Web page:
THE white shark population (salroig in Catalan, tiburón in Spanish) in the Mediterranean in general, and in the sea around the Balearics in particular, has reduced by more than 50 percent in the last 10 years.
During this time, its categorisation on the Danger List of the International Union for the Conservation of Wildlife (UICN) has degenerated to in danger of extinction in the Mediterranean, whilst on a global scale, the species is described as vulnerable.
Investigators believe that in the Adriatic, the reduced presence of this type of shark could be as high as 80 percent.
Although the gradual disappearance is worrying, the ongoing presence of the white shark, Carcharodon carcharias, (one of the most voracious) in the Balearic sea has been verified by scientists Gabriel Morey, from the Balearic Natural Science Museum; Martí Martínez, also of the Natural Science Museum, and Enric Massutí of the Balear Oceanographic Centre and the Balearic University. Their study on the white shark in the Balearics has been published recently by the prestigious international scientific journal Environmental Biology of Fishes.
Making reference to the Balearic sea, the group of experts shows there have been 27 examples of this species captured between 1920 and 1970.
As of that date, white shark captures virtually disappear from record due to the strong impact of modern fishing methods on the shoals of tuna, one of the shark's principal food sources.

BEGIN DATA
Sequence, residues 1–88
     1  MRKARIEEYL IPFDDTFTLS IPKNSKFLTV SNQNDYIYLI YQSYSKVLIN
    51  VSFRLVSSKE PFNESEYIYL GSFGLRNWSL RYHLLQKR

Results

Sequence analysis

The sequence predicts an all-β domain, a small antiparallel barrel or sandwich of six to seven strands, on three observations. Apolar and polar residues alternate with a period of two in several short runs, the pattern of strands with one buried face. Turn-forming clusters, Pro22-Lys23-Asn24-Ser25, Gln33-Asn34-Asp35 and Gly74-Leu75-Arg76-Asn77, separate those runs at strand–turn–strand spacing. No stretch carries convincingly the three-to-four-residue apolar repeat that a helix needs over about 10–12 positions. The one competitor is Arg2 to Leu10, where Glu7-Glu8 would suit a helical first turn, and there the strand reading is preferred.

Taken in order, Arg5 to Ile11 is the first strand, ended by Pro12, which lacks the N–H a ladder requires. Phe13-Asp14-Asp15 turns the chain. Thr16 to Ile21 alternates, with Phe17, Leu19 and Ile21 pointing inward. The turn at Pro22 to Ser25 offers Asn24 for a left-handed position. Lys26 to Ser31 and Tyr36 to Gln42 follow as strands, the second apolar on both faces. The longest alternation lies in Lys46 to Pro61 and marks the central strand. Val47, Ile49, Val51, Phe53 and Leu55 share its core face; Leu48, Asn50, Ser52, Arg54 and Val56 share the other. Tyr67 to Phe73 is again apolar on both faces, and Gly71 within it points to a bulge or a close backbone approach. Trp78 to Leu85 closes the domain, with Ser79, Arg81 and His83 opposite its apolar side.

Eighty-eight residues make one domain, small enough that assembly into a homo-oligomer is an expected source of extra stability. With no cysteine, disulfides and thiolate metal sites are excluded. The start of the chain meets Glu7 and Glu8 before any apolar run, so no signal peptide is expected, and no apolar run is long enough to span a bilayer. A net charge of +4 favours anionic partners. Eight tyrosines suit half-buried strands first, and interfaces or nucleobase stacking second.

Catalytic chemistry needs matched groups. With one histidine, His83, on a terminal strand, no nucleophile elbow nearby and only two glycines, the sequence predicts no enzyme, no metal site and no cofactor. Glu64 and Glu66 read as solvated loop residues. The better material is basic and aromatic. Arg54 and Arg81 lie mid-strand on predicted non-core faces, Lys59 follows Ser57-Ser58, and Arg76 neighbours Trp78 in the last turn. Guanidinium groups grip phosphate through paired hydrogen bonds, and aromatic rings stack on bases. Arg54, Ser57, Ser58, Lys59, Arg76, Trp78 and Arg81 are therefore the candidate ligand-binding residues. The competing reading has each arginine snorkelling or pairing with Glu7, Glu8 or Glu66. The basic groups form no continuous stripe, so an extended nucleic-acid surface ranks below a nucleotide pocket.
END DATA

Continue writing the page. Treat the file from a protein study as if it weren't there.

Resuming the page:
The experts further provide evidence of 8 attacks carried out on dolphins and marine turtles between 1990 and this year on the part of white sharks. Amongst the captures made in Balearic waters, usually accidental and linked to tuna fishing vessels, one stands out as being 6.5 metres in length and weighing 2'500 kilogrammes.
The fact that the white shark has few offspring and that it arrives at sexual maturity very late in years, does not help in attempts to conserve the species.
Only six countries in the world have the white shark on their lists of protected species: the United States, Australia, South Africa, Namibia, Italy and Malta. It will be noted that only two of these countries are in the Mediterranean.
In the Balearic sea between 1993 and 2001, documented attacks on dolphins and marine turtles made by sharks in general amounted to 33. Of these, 8 attributed to white sharks as there were clear indications in terms of the kinds of injuries inflicted. Investigators were able to link marks of the attack with the jaw measurements of Carcharodon carcharias.
Captures of white sharks in Balearic waters have only ever brought to light either young or fully-grown adults. Due to early life feeding habits, the very young have never fallen prey to fishermen.
There is no evidence of white shark attacks on human beings in Balearic waters, although there have been a very few recorded in Italian waters.
According to the experts: The more one studies and becomes familiar with the habits of the white shark, the less aggressive it seems. Their behaviour is far removed from that sensationalised in the cinema.
The content of comment is the opinion of users and netizens and not of mallorcadailybulletin.com.
Comments contrary to laws, which are libellous, illegal or harmful to others are not permitted');
mallorcadailybulletin.com - reserves the right to remove any inappropriate comments.
Please remember that you are responsible for everything that you write and that data which are legally required can be made available to the relevant public authorities and courts; these data being name, email, IP of your computer as well as information accessible through the systems.